Young Denver Nuggets Need Ty Lawson to Grow Up Now

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Young Denver Nuggets Need Ty Lawson to Grow Up Now
Doug Pensinger/Getty Images

Ty Lawson needs to grow up. Like now.

Pushing 26 and entering his fifth season in the NBA, the Denver Nuggets don't have the wherewithal to wait on him any longer. Incidents like the ones he's found himself connected to over the last 12 months suggest just that—the Nuggets are waiting on him.

The Denver Post's Ryan Parker recently reported the point guard was charged with "physical harassment and criminal mischief" following a domestic violence arrest. And according to ABC-7 News' Alan Gathright, Lawson's girlfriend, Ashley Nicole Pettiford, was detained as well:

Denver Nuggets' guard Tywon "Ty" Lawson and his girlfriend were arrested in a domestic violence incident at his home on Saturday night, Arapahoe County Sheriff Grayson Robinson said.

...

The 25-year-old Lawson was arrested on investigation of domestic violence-related harassment and property damage -- both misdemeanor charges, court records state.

Previously, Lawson was arrested in January after attempting to "avoid prosecution" stemming from a traffic-related case, per Gathright. He eventually pleaded guilty to allowing an unauthorized person to drive while all other charges were dropped.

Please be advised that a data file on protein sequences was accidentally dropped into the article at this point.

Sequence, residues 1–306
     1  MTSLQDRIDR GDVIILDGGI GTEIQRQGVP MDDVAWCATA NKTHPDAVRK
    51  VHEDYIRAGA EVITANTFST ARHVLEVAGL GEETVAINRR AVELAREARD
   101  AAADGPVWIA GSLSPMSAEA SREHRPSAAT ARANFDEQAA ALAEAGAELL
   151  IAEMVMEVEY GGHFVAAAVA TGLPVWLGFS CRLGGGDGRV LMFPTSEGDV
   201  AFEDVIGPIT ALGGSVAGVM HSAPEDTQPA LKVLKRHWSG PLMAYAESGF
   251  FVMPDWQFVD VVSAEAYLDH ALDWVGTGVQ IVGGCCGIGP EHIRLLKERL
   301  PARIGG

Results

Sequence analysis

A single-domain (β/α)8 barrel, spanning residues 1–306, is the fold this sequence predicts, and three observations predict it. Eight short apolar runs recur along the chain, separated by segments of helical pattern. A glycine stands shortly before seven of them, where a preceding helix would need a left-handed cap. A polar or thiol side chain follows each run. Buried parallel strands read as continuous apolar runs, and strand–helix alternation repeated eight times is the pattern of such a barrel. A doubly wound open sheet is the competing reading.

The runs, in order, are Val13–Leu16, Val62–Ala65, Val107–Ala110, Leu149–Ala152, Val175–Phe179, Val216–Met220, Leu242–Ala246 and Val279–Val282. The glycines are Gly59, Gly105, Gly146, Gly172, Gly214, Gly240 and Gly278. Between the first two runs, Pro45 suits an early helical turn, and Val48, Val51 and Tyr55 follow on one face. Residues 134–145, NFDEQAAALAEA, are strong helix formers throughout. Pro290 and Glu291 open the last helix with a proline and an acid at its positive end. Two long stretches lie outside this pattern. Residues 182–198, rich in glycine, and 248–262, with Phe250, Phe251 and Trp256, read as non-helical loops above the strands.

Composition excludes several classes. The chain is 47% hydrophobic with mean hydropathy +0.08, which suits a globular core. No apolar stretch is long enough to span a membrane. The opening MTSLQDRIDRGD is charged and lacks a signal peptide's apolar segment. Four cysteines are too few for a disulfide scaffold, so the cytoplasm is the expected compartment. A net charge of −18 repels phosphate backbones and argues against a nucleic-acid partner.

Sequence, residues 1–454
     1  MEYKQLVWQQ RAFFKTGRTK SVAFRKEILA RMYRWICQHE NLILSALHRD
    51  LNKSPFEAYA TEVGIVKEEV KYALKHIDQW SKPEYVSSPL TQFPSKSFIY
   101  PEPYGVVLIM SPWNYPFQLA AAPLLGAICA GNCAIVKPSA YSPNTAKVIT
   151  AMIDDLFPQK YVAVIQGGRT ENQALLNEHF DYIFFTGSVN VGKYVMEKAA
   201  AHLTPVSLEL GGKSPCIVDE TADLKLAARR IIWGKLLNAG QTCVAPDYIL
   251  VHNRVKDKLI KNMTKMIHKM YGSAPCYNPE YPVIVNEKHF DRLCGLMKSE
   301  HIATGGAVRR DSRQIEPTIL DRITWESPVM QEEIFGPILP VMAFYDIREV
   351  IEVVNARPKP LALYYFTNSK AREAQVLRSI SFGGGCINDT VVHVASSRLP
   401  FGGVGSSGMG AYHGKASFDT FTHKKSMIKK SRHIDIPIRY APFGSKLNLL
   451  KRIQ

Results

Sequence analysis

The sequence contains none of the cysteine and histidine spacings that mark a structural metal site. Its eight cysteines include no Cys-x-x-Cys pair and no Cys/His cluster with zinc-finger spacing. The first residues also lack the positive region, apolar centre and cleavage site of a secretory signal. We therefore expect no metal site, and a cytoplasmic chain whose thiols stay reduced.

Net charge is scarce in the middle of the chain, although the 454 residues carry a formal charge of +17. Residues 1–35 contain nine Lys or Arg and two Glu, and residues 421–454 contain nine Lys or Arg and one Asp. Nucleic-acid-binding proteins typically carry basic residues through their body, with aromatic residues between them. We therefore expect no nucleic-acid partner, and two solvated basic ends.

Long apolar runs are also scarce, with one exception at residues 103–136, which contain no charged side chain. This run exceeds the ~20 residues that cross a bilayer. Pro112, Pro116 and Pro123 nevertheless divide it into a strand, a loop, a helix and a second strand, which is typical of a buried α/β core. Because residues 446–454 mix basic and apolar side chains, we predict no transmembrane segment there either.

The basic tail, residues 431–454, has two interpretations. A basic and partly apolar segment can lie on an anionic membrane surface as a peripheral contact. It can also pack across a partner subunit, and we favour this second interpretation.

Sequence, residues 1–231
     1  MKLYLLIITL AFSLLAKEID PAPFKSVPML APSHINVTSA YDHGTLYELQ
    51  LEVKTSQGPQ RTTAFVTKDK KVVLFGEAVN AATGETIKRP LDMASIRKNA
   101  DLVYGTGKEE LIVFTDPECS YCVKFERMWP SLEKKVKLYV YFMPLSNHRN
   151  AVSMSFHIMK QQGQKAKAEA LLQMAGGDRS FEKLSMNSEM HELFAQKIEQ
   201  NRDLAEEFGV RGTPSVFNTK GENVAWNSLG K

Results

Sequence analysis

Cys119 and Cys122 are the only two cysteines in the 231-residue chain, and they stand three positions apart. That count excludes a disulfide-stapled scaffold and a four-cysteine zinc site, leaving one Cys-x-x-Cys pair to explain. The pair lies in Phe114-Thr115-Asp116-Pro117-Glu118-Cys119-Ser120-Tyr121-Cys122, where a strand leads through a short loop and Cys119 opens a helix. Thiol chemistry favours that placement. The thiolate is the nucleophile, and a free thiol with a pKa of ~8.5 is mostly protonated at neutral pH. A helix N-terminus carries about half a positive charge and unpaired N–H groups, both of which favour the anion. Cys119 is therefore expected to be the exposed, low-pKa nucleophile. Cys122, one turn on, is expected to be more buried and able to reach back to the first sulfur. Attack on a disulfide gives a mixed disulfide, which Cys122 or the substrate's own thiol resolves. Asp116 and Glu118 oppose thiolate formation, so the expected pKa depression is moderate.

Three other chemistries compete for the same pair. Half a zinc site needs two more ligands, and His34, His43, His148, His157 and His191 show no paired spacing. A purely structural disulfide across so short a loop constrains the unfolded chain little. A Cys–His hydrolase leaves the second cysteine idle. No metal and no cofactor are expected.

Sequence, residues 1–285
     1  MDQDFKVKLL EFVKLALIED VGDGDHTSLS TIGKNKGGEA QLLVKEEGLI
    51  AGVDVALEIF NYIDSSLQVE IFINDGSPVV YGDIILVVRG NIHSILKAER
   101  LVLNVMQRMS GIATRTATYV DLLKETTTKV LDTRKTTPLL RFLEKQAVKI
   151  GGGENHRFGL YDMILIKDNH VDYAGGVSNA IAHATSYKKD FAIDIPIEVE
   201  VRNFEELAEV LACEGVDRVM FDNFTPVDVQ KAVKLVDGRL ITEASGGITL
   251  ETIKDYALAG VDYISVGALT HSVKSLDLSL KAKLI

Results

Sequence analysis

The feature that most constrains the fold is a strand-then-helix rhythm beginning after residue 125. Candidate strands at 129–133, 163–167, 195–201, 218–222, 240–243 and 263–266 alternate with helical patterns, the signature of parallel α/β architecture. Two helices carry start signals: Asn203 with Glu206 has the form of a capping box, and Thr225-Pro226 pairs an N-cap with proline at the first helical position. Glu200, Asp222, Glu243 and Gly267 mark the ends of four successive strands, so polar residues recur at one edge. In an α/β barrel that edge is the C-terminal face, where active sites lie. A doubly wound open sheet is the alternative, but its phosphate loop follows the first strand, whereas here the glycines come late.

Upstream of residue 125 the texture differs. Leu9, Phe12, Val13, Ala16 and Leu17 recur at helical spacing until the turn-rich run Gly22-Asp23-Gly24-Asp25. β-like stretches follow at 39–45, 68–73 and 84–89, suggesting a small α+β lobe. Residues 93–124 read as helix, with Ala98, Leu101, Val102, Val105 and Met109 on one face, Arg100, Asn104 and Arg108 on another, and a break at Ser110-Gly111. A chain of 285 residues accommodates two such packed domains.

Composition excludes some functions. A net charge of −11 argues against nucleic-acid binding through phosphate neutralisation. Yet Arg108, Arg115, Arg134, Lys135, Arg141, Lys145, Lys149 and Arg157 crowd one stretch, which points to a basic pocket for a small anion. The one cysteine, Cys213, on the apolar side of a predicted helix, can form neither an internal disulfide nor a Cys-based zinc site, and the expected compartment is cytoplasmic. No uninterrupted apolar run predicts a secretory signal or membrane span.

This is the kind of distraction the Nuggets don't need; this is the kind of behavior they can't afford to see from their floor general.

Both his run-ins with the law are misdemeanors, details on the current situation remain scarce and Lawson himself doesn't appear shaken by the latest batch of drama but it needs to stop. 

The thing about these public spectacles is, whether you're being misrepresented or not, damage is done. You're associated with unnecessary theatrics.

And right now, the Nuggets need Lawson to be affiliated with leadership, not obscure off-court headaches.

 

Leadership Void

Kyle Terada-USA TODAY Sports

Since trading Carmelo Anthony, Denver's greatest pitfall has been its lack of recognizable leadership.

Some would posit 'Melo was never really a leader, that he was too self-involved to shoulder such a burden. But with him, there was a distinct chain of command and he was perched atop it. No questions asked.

Once he left, the Nuggets' pyramid crumbled and order has yet to be restored.

They've clinched three straight postseason berths in the post Anthony-era, but have yet to win a playoff series. Avoiding a first-round exodus has been their biggest problem for the last decade, with and without 'Melo.

Doug Pensinger/Getty Images